Broadcom Debuts Single Chip for Headend Data


Continuing on a rapid integration track, Broadcom Corp.
last week started shipping sample quantities of a single-chip solution for cable-modem

The new chip -- the BCM 3137 -- is supposed to dramatically
reduce the manufacturing cost of cable-modem headends, while yielding large increases in
the amount of data or number of simultaneous users that can be supported in upstream,
home-to-headend data configurations.

Broadcom officials said the chip, which had been configured
as 10 separate chips in a field-programmable gate array, passed through
cable-modem-interoperability tests last month, making it compatible with the DOCSIS (Data
Over Cable Service/Interoperability Specification) standard.

What makes the chip different from the earlier Broadcom
FPGA set is the addition of 16-QAM (quadrature amplitude modulation) for upstream
communications, in addition to previously available QPSK (quadrature phase shift key)
techniques common to DOCSIS.

"It represents an enormous reduction in cost,"
said Tim Lindenfelser, vice president of marketing for Broadcom, explaining that the
previous FPGA board in use by cable-modem-headend producers like Cisco Systems Inc., Bay
Networks Inc., 3Com Corp. and others cost about $3,000, while the BCM 3137 is
sample-priced at $200.

The chip is backward-compatible with cable-modem-headend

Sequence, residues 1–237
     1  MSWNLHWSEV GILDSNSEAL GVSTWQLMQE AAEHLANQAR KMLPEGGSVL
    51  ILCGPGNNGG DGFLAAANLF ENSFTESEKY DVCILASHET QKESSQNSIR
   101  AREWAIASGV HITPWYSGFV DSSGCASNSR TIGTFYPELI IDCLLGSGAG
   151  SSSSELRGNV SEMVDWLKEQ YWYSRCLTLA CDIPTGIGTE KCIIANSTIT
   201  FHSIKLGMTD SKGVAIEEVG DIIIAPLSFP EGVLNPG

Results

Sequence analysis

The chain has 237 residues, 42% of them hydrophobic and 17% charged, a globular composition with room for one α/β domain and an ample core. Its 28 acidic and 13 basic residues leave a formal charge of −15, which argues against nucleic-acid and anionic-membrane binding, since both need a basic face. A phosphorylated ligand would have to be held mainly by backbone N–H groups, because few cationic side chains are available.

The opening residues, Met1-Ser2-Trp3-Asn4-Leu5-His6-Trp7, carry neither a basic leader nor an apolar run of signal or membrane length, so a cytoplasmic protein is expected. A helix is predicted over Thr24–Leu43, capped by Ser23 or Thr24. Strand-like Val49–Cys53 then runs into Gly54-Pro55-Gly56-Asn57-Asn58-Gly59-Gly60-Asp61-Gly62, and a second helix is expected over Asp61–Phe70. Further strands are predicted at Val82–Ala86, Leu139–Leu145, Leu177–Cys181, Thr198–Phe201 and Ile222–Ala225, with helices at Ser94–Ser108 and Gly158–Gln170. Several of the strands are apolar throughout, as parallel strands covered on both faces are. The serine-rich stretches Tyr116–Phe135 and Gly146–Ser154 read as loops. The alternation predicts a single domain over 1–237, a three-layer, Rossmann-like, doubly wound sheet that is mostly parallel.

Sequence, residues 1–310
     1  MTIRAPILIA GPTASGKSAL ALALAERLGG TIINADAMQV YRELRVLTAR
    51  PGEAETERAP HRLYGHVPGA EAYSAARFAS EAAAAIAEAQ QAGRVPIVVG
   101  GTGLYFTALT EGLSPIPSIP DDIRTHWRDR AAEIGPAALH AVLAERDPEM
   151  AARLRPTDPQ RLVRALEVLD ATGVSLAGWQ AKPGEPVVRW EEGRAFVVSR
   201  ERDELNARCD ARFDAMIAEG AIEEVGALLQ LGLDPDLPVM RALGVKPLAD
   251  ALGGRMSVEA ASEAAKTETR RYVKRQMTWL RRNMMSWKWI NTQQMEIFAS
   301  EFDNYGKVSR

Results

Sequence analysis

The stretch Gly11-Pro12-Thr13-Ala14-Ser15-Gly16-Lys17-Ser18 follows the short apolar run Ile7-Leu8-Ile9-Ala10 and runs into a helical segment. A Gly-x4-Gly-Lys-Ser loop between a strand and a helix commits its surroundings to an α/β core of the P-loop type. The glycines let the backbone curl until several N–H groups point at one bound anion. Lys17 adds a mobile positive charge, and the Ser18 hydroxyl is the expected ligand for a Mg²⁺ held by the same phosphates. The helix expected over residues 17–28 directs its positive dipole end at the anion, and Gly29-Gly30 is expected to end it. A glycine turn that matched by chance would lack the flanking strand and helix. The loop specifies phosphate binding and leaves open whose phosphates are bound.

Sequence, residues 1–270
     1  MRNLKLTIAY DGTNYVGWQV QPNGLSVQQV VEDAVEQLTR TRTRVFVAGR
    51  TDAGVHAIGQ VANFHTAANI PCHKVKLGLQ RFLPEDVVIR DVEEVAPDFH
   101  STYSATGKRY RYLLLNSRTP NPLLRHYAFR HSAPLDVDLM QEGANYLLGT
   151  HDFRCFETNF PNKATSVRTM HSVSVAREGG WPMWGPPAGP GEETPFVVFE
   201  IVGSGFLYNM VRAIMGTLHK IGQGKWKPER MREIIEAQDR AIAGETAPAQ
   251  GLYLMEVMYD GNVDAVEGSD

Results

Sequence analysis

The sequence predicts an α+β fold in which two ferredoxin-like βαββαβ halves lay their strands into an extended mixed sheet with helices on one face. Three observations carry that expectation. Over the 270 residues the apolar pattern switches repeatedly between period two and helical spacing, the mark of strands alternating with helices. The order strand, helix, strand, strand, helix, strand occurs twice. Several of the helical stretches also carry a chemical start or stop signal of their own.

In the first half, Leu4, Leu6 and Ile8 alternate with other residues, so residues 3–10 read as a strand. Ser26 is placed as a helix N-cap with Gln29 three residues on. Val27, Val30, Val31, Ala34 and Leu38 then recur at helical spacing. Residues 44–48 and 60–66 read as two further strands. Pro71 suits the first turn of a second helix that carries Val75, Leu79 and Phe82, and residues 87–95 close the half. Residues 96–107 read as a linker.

equipment already installed in MSO headends, he said, and it supports four to eight
upstream channels per card, instead of one.

"This is a chip that has been long anticipated from
the cable-modem community, because it offers an enormous performance upgrade,"
Lindenfelser said.

That's because running upstream communications with
16-QAM modulation -- which is also frequency-agile, so that data can be moved to a safer
frequency during noise spikes -- enables upstream data rates of 20 megabits per second.
QPSK, in contrast, runs at 10 mbps.

Notably, a big question is whether or not the 5- to
40-megahertz upstream cable path can shoulder the extra speed, said Michael Harris, an
analyst with Phoenix-based Kinetic Strategies Inc. Because the upstream-signal path is
inherently the home for ingress and impulse noise, plant must be in "pretty clean
condition" to support 20-mbps communications, he added.

Lindenfelser said the inclusion of forward-error
correction, a data interleaver and rate-adaptive capabilities -- so that the headend knows
to slow down data transmissions in the presence of noise -- translates into a need for
about 14 to 16 decibels of carrier-to-noise ratio in the upstream-signal path.

"The whole approach here is noise avoidance,"
Lindenfelser said. "If there's ingress, the headend chip moves the transmission
channels around or throttles back to lower rates."

The 3137 chip shipped in sample quantities last week, and
it is currently available in "production quantities," executives said.